Chubby and the Gang Rule, OK? How Hardcore Veterans Made the Best Punk-Pop LP in Recent Memory

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Chubby and the Gang Rule, OK? How Hardcore Veterans Made the Best Punk-Pop LP in Recent Memory

Chubby Charles is jetlagged. After returning from a whirlwind U.S. tour as lead singer of British punk band Chubby and the Gang, Charlie Manning-Walker (aka Chubby) is still on American time. But after releasing their debut album to critical acclaim while on tour here, the band saw their crowds grow significantly by the end of it, and Manning-Walker is pleasantly surprised, but also invigorated for album number two.

Their debut LP, Speed Kills, was released via independent British hardcore label Static Shock back in January, and despite having no team to pitch the record, publications like Rolling Stone, Pitchfork and Stereogum all raved about it, coming to a similar consensus that its hopped-up punk-pop is impossibly punchy and ridiculously fun. Manning-Walker and his fellow band mates are all hardcore veterans—having played in bands like Violent Reaction, Abolition, Guidance and Gutter Knife—but somehow they’ve made one of the strongest stitchings of pub rock, classic pop, surf and punk in recent memory. “Chubby and the Gang Rule OK?” is both a statement of fact and their unruly lead album track that takes about 30 seconds to convince you that their breakneck rhythms and pop chops are the real deal.

Like their colorful, cartoonish album cover, the album celebrates the vast characters of working-class London: the dubious, fun-loving rascals, the crass authority figures, the squares and the reckless brutes. But more than anything, Speed Kills is an ode to the “gang,” the fiercely loyal one that finds you when you’re young and makes grim circumstances much more bearable.

Paste caught up with Manning-Walker to talk through their wild first U.S. tour, the making of Speed Kills, their critical acclaim and the future of Chubby and the Gang. Read the Q&A below, which has been edited for clarity and length.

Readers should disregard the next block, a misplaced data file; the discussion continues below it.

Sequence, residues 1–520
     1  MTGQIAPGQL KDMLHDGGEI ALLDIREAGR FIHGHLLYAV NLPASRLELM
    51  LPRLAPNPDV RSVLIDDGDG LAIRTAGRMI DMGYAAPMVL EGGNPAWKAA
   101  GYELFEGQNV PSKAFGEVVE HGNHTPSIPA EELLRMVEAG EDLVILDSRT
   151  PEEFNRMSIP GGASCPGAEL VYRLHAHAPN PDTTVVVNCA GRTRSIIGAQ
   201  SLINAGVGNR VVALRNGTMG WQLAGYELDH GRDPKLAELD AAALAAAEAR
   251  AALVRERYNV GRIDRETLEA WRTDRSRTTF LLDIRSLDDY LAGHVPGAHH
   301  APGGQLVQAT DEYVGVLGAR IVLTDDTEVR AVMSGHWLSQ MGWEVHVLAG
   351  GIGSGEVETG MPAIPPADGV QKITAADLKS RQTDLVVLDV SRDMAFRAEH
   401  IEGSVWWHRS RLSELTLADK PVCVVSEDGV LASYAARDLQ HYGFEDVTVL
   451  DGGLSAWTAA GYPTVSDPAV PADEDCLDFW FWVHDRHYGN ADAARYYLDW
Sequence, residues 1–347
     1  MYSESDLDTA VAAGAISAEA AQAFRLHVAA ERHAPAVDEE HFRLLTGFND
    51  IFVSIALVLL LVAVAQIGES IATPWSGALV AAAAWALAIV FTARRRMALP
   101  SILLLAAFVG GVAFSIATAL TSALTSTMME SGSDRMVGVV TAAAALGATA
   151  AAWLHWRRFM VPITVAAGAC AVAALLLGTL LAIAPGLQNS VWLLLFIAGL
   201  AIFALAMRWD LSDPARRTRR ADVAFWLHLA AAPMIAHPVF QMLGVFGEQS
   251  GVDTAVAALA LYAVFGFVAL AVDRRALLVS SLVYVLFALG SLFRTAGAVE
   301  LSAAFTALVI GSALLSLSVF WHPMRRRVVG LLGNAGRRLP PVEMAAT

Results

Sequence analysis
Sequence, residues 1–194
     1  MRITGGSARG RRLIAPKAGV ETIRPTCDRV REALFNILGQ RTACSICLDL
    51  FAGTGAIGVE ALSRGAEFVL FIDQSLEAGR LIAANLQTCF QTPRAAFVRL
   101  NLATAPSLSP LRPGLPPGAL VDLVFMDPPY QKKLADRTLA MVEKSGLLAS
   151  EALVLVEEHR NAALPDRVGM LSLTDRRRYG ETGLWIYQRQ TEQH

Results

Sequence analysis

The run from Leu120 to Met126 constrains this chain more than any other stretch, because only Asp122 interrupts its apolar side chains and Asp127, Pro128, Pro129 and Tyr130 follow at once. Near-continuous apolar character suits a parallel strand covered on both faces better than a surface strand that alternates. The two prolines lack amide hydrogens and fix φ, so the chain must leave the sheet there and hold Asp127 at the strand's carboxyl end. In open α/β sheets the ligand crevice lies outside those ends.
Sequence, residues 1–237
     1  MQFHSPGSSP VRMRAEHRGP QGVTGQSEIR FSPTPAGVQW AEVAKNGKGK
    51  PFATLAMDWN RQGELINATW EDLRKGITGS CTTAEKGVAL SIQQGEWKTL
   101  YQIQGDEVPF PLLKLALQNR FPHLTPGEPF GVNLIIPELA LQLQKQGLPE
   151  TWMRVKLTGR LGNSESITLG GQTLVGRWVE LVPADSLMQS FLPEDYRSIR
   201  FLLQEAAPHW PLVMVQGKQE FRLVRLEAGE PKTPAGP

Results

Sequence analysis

Paste: Were you surprised by the major press coverage the band received?

Manning-Walker: Yeah, absolutely. We just did the record and we put it on Spotify and Static Shock just put it out there and then we thought that would be it. Don’t get me wrong, we were pleased with the record, but I didn’t think Rolling Stone would pick it up. We didn’t send it to them, they just kind of picked it up. So yeah, it was surprising, but I’m happy people think it’s good.

Are you committing to Chubby and the Gang as your main project or are you guys still in other bands too?

No, not really. We’re all doing other stuff. I’m actually just recording a new demo of a new band, like next week. It sounds completely different, but I’m on guitar. I’m a guitar player, really. As you can probably tell from the record, I’m not really a singer. I like playing guitar. I don’t want to stop playing guitar in bands. So I’m still cracking on with doing other bands and those boys play in a bunch of different stuff. I mean we’re busy, but it depends how busy we get with Chubby and the Gang. I don’t know. We haven’t really thought about it.

Do you guys all have day jobs?

Yeah I’m an electrician. I work on film sets. I’m a union electrician. Then, the other boys, one of them works in a shop that sells legal highs and one of them works as a landscaper, digging up front gardens and things like that. And then, the other one, I can’t remember what he does. We just do odd jobs and stuff, but I’m a bit older than them, so I’ve been doing my job for a little bit.

It’s impressive that you were able to tour here so quickly after your album. It often takes several years for other international bands. How did that tour happen?